One size does not fit all for b-to-b campaigns
As this week's feature on AXA Equitable Life illustrates, b-to-b marketing can be all the more powerful if marketers remember that the business community they're targeting is still, when it comes down to it, made up of consumers.
But, to steal from the company's playbook, the 800 lb. gorilla in the room is the fact that not every business marketer can afford a cool, integrated marketing program. Research last week from Experian revealed a figure that staggered me — 94% of America's businesses were deemed “small,” with 25 employers or fewer. Surely a huge percentage of these companies don't have the luxury of a highly recognizable brand, mascot, tagline or jingle to deploy throughout their marketing arsenal.
What they do have, of course, is their product, their brand promise, and their customer relationships. While big marketers can capitalize on borrowed interest from their big branding campaigns for b-to-b communications, the smaller companies need the products themselves to do more of the heavy lifting for them — but it's easy then to get bogged down with turgid explanations and befuddling technical specs.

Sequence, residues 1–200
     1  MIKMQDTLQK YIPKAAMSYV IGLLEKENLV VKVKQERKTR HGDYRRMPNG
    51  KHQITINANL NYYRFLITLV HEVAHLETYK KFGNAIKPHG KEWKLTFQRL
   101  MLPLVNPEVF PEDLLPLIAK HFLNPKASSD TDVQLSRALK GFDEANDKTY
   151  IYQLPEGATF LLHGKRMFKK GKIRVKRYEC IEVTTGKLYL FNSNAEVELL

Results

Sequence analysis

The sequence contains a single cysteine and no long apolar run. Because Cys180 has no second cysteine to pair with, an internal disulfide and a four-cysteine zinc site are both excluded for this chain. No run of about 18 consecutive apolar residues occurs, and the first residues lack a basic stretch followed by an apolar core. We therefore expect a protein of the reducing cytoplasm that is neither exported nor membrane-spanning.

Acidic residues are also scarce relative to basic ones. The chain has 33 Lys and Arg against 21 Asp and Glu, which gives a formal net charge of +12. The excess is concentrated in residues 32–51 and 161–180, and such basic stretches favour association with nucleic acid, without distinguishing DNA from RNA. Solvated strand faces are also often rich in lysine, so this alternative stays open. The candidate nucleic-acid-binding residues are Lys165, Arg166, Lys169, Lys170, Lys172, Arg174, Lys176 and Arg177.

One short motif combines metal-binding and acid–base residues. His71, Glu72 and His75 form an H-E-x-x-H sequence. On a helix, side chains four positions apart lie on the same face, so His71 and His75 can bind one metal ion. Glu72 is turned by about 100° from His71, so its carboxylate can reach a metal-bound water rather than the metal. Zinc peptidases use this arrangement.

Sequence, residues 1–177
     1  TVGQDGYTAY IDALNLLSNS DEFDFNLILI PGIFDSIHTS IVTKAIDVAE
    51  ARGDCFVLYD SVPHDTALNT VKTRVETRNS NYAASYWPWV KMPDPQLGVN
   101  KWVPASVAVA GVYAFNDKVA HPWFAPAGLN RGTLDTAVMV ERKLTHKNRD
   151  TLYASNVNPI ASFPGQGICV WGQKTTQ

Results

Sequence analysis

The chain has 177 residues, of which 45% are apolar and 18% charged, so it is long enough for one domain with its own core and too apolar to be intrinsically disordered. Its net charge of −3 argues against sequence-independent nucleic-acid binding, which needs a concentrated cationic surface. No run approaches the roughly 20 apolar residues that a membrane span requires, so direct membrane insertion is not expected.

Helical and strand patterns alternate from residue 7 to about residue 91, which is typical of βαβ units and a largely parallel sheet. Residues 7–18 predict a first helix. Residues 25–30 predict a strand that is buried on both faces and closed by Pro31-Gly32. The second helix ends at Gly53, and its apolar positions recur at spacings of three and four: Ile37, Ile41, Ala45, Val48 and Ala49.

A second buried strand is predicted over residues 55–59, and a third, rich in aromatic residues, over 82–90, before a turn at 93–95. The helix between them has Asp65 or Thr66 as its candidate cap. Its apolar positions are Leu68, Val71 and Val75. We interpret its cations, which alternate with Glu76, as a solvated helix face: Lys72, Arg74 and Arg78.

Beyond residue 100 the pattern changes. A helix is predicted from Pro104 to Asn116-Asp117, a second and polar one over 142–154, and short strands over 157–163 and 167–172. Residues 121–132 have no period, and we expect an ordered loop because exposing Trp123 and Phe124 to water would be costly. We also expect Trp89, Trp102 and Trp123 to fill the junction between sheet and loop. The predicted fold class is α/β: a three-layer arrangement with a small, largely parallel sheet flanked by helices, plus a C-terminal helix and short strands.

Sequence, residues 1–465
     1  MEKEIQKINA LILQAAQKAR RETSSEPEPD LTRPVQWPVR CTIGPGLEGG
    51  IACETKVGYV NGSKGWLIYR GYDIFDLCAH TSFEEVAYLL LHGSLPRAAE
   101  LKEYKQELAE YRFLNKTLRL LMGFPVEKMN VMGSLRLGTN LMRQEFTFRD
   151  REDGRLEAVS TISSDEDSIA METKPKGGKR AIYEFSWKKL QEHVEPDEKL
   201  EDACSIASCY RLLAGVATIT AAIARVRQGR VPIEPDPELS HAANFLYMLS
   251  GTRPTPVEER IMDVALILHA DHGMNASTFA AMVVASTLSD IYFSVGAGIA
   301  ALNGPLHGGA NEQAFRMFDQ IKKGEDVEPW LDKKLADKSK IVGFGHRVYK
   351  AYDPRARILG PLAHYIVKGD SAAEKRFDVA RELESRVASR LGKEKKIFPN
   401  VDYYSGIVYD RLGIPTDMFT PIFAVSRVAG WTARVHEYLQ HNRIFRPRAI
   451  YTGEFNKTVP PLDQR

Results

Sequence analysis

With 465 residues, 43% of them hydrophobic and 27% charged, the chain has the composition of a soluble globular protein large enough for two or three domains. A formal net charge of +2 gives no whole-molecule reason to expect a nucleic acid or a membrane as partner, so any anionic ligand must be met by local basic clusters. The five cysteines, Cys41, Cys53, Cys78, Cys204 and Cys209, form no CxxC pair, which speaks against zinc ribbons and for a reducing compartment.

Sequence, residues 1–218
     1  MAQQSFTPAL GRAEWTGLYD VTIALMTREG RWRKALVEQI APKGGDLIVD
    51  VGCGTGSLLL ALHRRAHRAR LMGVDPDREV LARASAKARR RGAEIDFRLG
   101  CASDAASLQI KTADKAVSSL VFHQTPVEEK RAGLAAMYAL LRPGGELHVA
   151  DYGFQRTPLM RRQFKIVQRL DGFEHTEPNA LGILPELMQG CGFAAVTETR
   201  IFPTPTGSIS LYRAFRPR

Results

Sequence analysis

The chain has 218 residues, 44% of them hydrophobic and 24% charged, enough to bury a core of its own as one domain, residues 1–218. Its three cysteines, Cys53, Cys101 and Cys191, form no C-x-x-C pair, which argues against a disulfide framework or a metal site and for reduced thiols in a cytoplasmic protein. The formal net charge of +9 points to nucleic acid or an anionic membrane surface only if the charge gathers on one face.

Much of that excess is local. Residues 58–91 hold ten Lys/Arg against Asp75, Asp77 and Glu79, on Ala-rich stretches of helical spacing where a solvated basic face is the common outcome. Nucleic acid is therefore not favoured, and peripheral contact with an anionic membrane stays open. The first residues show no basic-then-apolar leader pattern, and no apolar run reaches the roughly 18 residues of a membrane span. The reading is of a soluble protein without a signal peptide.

As the regular recipient of a particular kind of b-to-b marketing — press releases and pitches — it's the ones that explain the benefits rather than blind me with science that are likely to stick. Your average small-business purchaser doesn't always have time to scrutinize specs, especially during the first stages of consideration. And this is where it's important to think of them as consumers, who are every bit as bombarded with marketing messages as everyone else.
Make it fun, appealing, interesting, and don't demand too much in the beginning. You might not have AXA's budget, but borrowing some principles from consumer marketing can work for b-to-b companies of all sizes.